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Publications

 On this page you find a selection of publications of the Department of Health Care Management.

All publications are listed by year (->2018, ->2017). You can either search for topics or access our Working Papers in Health Policy and Management.

Busse R, Blümel M (2014): Germany: Health system review. Health Systems in Transition. 16(2): 1-296

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The European Observatory on Health Systems has just released a new version of the report on Germany, looking at the German health system at an interesting pint in time: Almost 25 years have elapsed since the fall of the Berlin wall and German reunification. Since then various governments have implemented a number of important reforms in the health sector, including changes in self-governing structures, financing the statutory health insurance system, paying providers and assessing and reimbursing pharmaceuticals. Today the German health care system has a generous benefit basket, one of the highest levels of capacity as well as modest cost-sharing. Expenditure per capita is high and access is good. However, the German health care system also shows areas in need of improvement if compared with other countries. This is demonstrated by the low satisfaction figures with the health system in general and a lack in quality of care, if the outcomes of individual illnesses are analyzed. This more than 300-page health system review on Germany scrutinizes changes and reforms that have taken place since the last report published in 2005 and discusses challenges for the new government in power since the end of 2013. more to: Busse R, Blümel M (2014): Germany: Health system review. Health Systems in Transition. 16(2): 1-296

Busse R, Geissler A, Mason A, Or Z, Scheller-Kreinsen D, Street A (Eds.) (2012): Diagnosis-Related Groups in Europe (EuroDRG): Do they explain variation in hospital costs and length of stay across patients and hospitals? Health Economics, Volume 21

Since the development of the first classification of diagnosis-related groups (DRGs) in the 1970s, the number of DRG systems has proliferated, with many countries developing their own versions, which are periodically overhauled. The original intention was that DRGs would classify patients into a manageable number of resource homogenous groups, and this remains the fundamental basis for classification. However, herein lies a puzzle: is variation in medical practice and resource use so great across countries that each requires its own patient classification system? Or are some DRG systems better than others at categorising patients into resource homogenous groups? more to: Busse R, Geissler A, Mason A, Or Z, Scheller-Kreinsen D, Street A (Eds.) (2012): Diagnosis-Related Groups in Europe (EuroDRG): Do they explain variation in hospital costs and length of stay across patients and hospitals? Health Economics, Volume 21

Busse R, Geissler A, Quentin W, Wiley M (Eds.) (2011): Diagnosis-Related Groups in Europe - Moving towards transparency, efficiency and quality in hospitals. Open University Press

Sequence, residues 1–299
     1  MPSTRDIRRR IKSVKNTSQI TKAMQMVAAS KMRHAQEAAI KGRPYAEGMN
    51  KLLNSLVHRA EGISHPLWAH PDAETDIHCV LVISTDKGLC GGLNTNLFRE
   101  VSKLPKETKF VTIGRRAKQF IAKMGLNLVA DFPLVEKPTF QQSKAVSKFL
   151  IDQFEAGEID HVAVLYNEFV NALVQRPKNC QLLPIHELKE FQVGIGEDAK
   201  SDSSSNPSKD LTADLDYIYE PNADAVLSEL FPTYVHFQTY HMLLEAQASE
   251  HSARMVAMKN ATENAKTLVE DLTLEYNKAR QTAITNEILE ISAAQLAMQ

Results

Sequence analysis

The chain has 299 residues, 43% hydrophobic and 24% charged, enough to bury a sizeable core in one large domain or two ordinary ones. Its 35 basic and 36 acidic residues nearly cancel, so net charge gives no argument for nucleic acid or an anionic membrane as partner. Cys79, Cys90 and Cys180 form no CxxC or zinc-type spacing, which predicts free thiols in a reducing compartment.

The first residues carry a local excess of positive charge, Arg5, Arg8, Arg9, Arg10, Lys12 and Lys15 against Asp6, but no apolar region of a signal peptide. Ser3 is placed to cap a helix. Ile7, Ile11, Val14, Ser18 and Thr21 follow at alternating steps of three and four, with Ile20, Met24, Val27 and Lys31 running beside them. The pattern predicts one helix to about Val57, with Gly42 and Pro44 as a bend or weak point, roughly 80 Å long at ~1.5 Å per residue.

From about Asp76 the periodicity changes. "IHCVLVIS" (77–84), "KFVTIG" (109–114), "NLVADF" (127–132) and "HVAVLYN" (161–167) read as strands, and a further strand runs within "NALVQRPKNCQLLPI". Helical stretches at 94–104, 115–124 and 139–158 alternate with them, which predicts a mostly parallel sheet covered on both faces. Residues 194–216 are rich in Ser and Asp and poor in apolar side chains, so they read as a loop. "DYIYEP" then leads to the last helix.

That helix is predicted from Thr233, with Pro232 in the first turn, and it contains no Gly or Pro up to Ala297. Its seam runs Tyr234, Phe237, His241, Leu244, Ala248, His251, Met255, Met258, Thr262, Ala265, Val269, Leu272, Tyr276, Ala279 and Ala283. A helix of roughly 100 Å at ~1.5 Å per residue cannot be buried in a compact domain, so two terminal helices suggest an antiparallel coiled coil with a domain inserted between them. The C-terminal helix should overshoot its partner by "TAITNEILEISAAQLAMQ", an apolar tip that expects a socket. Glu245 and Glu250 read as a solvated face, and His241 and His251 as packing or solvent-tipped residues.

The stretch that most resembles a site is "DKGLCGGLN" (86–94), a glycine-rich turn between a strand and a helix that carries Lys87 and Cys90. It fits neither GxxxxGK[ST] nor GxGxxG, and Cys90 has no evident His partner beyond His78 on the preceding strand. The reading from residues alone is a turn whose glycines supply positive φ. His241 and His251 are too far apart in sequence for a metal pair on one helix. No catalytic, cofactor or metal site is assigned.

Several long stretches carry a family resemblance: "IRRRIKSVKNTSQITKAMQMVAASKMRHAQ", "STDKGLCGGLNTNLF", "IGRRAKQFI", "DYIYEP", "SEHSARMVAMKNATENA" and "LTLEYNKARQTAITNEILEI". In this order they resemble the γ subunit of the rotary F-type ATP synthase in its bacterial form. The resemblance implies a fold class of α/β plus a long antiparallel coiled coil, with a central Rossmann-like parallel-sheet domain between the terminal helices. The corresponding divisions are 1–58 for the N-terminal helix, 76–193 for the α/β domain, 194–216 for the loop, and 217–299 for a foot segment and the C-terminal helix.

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Diagnosis-related group systems were introduced throughout Europe for similar reasons: to increase transparency, and to improve efficiency and assure quality in hospitals. After more than a decade of experience with using diagnosis-related groups in Europe, it's time to consider whether their extensive use has contributed towards achieving these aims. more to: Busse R, Geissler A, Quentin W, Wiley M (Eds.) (2011): Diagnosis-Related Groups in Europe - Moving towards transparency, efficiency and quality in hospitals. Open University Press

BUSSE R, SCHREYÖGG J, SMITH P (2008): Variability in healthcare treatment costs amongst nine EU countries – results from HealthBASKET project (Editorial). Health Economics 17(S1): 1-8

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Patient mobility gives rise to some fundamental information requirements, such as the nature of the basket of services offered in the different Member States, how these are defined, how often they are used for particular patients, what their costs are, what prices are paid for them, the quality with which they are delivered, and their cost-effectiveness. This knowledge will enable both Member States and the European Commission to formulate coherent policies on patient mobility in a way that will preserve both the financial viability of existing health systems and the treasured principles of universality, equity and accessibility. Further, if patients are to benefit from the opportunity offered by the European Union’s emerging healthcare market, they too will need to know the nature, quality and costs of services available elsewhere. Finally, international comparison based on good quality data is an important tool for learning from best practice within and between countries. However, international comparisons of service, cost and quality data are currently not routinely available for individual treatments. Up to now, healthcare cost comparisons have been usually made at an aggregate level and variations have been identified at the macro-level, e.g. in purchasing power parities (PPPs) per capita, as a percentage of GDP, distribution of expenditure per sector. Most fundamentally, analysis of international variation in the costs of individual services at the micro-level is diff... more to: BUSSE R, SCHREYÖGG J, SMITH P (2008): Variability in healthcare treatment costs amongst nine EU countries – results from HealthBASKET project (Editorial). Health Economics 17(S1): 1-8

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